Dana says, "Art has always been an important part of my life while punching a clock and working 9 to 5 has not been as interesting. I have been lucky to have the opportunity to express my creativity in various forms, and eventually making a career of it. I began my career in art by becoming a freelance web and graphics designer in the late 1990's. Even though that was a lot of fun, I really had the urge to use my hands to create. Drawing and sculpting were always hobbies of mine, and I was really inspired to try painting. Selling paintings online as well as commissioning for a few years gave me the confidence to believe I could turn my hobbies into a career.

I credit my husband with my becoming a lampwork artist. He talked me into buying a beginner kit, and I've been addicted ever since. All of the different media I like to work with contribute to new ideas and creative expression with each other. More and more, I feel there aren't enough hours in the day for all of the things I like to do. I feel I am very lucky to have a husband who supports my endeavors, and allows me to be me. Lately, besides my lampwork, I enjoy beadwork and bead weaving, glass fusing, mosaics, painting, sculpting, printmaking, fiber arts (knit, crochet, felting, sewing, etc.), and a lot more."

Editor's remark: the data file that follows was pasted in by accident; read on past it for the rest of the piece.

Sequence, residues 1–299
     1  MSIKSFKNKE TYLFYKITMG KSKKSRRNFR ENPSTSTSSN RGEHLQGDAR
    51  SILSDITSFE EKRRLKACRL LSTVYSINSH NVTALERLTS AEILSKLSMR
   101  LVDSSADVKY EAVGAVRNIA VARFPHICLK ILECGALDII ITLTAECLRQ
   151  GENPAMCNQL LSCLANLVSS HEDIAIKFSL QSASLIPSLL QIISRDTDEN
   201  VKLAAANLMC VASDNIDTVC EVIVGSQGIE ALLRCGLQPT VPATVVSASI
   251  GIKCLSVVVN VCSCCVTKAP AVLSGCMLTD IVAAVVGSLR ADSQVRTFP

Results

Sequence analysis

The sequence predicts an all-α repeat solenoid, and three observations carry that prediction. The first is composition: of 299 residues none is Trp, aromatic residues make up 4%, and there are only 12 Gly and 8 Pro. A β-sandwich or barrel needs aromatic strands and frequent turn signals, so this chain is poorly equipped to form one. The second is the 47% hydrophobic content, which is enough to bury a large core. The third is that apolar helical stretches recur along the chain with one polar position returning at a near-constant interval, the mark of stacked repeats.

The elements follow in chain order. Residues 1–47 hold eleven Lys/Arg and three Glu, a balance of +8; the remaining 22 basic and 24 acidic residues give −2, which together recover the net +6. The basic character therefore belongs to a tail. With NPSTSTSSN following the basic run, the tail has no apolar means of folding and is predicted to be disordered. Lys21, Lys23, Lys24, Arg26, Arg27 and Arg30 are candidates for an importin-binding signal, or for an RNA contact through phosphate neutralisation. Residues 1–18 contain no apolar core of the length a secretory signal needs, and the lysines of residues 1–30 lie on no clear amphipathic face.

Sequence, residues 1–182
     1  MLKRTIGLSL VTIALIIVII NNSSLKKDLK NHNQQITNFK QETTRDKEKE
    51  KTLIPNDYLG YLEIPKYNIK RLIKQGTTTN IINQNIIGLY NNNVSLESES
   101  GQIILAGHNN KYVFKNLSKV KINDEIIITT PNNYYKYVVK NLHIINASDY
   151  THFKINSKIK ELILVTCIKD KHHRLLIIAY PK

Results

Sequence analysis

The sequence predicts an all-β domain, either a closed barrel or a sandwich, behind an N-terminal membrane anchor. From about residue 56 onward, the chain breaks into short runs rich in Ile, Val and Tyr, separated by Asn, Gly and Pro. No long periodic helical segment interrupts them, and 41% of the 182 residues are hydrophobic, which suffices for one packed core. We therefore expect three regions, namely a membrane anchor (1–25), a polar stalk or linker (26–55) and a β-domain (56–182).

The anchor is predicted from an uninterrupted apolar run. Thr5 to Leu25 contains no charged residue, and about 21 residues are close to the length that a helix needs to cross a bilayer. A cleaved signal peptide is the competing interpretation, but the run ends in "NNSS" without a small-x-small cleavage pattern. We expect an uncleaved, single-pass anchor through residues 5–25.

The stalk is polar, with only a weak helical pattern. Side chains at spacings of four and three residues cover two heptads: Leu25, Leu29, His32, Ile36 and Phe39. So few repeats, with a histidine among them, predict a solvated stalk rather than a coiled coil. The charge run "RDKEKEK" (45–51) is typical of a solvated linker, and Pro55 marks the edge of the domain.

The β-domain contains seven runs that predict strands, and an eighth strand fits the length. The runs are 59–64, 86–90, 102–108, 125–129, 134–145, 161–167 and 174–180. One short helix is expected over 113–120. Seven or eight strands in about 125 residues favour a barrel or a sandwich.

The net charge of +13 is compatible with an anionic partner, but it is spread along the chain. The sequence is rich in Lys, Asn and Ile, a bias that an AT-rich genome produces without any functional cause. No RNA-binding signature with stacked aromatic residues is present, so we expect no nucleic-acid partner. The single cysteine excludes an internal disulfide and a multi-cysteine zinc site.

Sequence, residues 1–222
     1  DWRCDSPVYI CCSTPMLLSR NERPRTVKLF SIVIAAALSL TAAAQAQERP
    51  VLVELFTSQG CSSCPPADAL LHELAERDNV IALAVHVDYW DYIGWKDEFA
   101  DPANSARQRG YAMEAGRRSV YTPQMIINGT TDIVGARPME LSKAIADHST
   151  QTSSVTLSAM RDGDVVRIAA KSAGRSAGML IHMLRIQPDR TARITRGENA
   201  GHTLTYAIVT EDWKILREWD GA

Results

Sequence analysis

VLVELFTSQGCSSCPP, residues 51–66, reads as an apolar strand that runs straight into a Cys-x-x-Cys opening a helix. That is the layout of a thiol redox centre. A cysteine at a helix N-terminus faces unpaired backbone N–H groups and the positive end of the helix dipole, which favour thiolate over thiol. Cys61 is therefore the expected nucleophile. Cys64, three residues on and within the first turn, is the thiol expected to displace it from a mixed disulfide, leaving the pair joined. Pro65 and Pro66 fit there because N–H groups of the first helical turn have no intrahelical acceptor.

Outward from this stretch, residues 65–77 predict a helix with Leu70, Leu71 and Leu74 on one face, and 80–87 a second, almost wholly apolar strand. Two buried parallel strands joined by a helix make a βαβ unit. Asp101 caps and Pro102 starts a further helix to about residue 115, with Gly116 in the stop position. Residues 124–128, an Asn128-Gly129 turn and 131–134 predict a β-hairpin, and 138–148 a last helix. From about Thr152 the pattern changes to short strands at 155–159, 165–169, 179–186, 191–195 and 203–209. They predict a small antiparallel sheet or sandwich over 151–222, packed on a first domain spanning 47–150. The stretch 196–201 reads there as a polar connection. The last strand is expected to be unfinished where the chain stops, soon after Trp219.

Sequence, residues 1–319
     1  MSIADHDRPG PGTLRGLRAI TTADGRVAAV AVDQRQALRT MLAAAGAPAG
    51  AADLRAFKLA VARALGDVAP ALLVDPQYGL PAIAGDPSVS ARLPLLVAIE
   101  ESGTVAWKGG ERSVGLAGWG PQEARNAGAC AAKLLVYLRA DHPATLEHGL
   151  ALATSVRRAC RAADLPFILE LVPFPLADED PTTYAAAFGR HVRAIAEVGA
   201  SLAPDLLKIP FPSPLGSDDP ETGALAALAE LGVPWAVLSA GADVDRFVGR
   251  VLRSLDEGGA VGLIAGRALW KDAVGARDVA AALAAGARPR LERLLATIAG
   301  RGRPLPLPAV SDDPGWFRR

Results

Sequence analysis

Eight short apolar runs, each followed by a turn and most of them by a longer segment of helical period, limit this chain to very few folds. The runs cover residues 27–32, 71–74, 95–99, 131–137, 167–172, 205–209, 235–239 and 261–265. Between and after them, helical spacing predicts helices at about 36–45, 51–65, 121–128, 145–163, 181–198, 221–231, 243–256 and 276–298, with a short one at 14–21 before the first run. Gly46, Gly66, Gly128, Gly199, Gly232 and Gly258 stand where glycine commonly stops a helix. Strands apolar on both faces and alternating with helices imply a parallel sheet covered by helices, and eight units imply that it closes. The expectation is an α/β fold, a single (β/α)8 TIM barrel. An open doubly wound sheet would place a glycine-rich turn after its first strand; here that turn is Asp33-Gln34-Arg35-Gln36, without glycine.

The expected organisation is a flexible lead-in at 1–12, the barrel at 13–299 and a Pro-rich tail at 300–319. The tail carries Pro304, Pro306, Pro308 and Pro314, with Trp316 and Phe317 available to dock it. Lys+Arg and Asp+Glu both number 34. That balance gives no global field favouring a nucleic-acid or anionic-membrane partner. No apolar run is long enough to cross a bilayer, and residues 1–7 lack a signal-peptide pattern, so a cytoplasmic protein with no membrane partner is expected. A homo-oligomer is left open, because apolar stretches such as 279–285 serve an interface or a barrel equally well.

Lampwork flower beads by Dana Torakis
Email: dana@danacreates.com
Website: www.danacreates.com

Happy Valentine's Day!

Valentine's Day or Saint Valentine's Day is a holiday celebrated on February 14 by many people throughout the world. In the West, it is the traditional day on which lovers express their love for each other by sending Valentine's cards, presenting flowers, or offering confectionery. The holiday is named after two among the numerous Early Christian martyrs named Valentine. The day became associated with romantic love in the circle of Geoffrey Chaucer in the High Middle Ages, when the tradition of courtly love flourished.

An alternative theory from Belarus states that the holiday originates from the story of Saint Valentine, who upon rejection by his mistress was so heartbroken that he took a knife to his chest and sent her his still-beating heart as a token of his undying love for her. Hence, heart-shaped cards are now sent as a tribute to his overwhelming passion and suffering.

Another source of the St.Valentine's Day tradition is The Golden Legend (Legenda Aurea or Legenda Sanctorum) by Jacopo da Varagine that is a collection of fanciful hagiographies or lives of the saints, that became a late medieval bestseller. It was probably compiled around the year 1260.